It seems that a name change is preparing to come down the pipe with regards to the highest regulatory position in the sticky world of financial derivatives. The Commodities Futures Trading Commission (CFTC) is tasked with the job of regulating a market in which even the smartest player have only the slightest idea of how to navigate. Navigating the derivatives market is akin to sailing through the Bermuda triangle. It is a vast landscape littered with camouflaged land mines and surface laying gold mines. The often times purely perceptual profits being generated are too tempting for many of the large player in the derivatives market to keep their positions within a manageable range. This temptation can be assumed to be greatly intensified with the recent precedent having been set that large banks are considered “too big to fail.”
Warren Buffet, often erroneously touted as one of the world richest men, happens to be one of the most successful individuals in the investment world today. When a player of his status harshly criticizes derivatives, calling them “financial weapons of mass destruction,” one should at a minimum take notice. In a private interview with the Financial Crisis Inquiry Commission a little more than 2 years ago, Buffet went on to elaborate on his position regarding the use of derivatives and the potential threat they may pose.
Buffet spoke of the size of the derivatives market, and how unpredictable the whole thing is. He was criticized sharply at one point for his use of derivatives himself, but if looked into, his use of derivatives is significantly less than any of the major banking institutions that make heavy use of the risky contracts. He also opened up quite candidly about what he believed the reasons were why some companies decide to dabble in derivatives, explaining that some companies use the contracts to attempt to smooth out earning and appear to be less volatile than they are in reality. Perhaps one of the more interesting statements Buffet made was when he chatted about the trillions upon trillions of dollars in derivatives contracts that JPMorgan has on its books. His major worry was not just that they were on the book, but what exactly what the “discontinuities are going to do to those numbers [the contracts on JPMorgan’s books] overnight if there’s a major nuclear, chemical or biological terrorist action that really is disruptive to the whole financial system.”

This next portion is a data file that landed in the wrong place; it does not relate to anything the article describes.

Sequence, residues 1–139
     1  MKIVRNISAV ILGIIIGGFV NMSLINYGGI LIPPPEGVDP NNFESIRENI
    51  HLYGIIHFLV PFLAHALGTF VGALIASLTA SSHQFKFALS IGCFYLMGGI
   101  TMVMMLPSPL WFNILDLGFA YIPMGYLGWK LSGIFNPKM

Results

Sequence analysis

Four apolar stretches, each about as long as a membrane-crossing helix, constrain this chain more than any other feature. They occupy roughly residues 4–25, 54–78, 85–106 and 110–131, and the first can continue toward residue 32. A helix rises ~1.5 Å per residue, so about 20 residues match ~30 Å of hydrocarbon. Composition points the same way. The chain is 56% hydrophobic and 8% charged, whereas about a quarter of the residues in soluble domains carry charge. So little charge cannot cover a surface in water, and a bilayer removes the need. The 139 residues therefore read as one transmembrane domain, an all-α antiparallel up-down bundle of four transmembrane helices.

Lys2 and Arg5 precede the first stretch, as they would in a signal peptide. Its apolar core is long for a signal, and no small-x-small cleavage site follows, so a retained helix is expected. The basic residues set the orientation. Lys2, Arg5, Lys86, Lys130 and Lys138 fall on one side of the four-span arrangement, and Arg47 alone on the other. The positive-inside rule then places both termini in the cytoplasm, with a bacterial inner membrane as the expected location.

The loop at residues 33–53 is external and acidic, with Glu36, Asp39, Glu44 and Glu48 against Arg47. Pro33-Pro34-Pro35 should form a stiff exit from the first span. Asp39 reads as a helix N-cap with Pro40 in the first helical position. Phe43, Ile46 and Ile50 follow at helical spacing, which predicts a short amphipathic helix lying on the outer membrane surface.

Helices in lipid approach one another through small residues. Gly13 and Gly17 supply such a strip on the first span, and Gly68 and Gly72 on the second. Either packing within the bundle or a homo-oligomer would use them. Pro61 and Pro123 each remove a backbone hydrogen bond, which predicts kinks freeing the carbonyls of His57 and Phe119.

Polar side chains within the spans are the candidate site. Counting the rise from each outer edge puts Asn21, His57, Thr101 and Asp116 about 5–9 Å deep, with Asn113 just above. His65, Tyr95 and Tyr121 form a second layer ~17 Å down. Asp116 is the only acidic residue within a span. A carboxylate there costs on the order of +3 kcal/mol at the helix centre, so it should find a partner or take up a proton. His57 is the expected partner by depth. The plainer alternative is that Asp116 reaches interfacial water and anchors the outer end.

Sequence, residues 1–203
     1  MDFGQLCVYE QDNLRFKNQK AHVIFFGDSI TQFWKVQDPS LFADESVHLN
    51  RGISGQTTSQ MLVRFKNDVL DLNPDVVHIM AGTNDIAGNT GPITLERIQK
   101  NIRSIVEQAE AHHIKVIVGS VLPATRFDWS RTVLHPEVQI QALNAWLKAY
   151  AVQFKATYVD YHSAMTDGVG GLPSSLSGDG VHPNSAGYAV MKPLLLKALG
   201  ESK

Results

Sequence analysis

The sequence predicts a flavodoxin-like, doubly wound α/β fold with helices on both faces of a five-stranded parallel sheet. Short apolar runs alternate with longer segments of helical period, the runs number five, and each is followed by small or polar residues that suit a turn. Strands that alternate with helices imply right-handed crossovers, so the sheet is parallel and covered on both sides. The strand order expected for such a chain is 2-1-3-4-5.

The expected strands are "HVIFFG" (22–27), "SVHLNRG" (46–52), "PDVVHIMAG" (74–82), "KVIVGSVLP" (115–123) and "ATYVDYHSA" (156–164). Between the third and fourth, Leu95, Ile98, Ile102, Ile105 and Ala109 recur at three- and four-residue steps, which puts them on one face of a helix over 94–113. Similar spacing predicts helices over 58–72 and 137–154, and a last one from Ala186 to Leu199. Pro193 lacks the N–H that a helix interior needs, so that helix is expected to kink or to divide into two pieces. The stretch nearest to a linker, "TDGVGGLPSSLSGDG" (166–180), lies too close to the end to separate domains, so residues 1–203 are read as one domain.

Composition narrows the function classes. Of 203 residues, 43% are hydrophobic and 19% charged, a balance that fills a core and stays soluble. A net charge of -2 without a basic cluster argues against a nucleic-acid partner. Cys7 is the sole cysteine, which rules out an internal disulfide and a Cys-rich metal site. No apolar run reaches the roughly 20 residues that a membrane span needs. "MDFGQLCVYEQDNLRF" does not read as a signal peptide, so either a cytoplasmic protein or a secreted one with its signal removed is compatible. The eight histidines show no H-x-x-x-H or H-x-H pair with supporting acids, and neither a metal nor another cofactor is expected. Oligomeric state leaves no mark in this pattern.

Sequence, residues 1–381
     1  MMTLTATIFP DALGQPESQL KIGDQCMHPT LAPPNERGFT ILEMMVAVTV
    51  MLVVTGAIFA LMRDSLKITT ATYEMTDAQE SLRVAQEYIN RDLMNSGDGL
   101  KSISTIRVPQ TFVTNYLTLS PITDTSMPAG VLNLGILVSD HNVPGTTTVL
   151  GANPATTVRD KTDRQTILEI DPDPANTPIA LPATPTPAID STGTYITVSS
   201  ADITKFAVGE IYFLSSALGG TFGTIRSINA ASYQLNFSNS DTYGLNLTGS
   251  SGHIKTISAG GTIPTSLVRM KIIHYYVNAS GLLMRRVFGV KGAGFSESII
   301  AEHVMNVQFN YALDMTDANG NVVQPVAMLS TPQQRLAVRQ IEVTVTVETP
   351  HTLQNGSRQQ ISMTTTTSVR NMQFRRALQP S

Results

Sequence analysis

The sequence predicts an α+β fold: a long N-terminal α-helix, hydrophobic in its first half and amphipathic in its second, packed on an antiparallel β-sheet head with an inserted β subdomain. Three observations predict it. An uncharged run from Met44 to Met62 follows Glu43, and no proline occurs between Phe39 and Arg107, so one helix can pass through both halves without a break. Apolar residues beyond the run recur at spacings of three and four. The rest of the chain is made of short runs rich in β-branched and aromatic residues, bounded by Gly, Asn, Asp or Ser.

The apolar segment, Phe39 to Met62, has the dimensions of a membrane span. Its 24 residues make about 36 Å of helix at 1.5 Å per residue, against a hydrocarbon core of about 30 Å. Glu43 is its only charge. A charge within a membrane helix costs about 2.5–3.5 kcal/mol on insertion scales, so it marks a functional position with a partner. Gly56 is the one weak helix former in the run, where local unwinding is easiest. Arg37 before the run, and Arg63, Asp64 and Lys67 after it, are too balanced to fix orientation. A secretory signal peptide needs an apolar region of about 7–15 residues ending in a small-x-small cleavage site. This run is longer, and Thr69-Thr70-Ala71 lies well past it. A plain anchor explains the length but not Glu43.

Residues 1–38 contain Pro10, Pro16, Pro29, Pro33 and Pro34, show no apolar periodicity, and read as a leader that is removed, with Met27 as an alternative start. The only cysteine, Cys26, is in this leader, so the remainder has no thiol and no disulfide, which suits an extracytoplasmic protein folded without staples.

When you take statements like these into account, it becomes more apparent that sailing and investment bank through the derivatives market with huge position is like sailing a merchant vessel through the bermuda triangle searching for floating treasure. The only thing masking the deadliness of the proposition would seem to be past bailouts and the precedent now that certain institutions are “too big to fail.”
Keeping this information in mind, the recent news of a coming change in the leadership of the CFTC chairmanship should not really make anyone’s hope rise too high. Timothy G. Massad is set to replace Gary Gensler as the head of the CFTC, assuming that Senate finds enough cooperation floating around on the hill. Massad, is coming off a post as a Senior Treasury Department official, a position which would seem not to threaten much change in the system considering that they treasury department has been satisfied for nearly a century now to take its orders from the Federal Reserve. If Senate does happen to allow this through, I’m predicting it’ll be a case of the same game with a different name going on in the offices of high finance and high finance “regulators.’
By Daniel Worku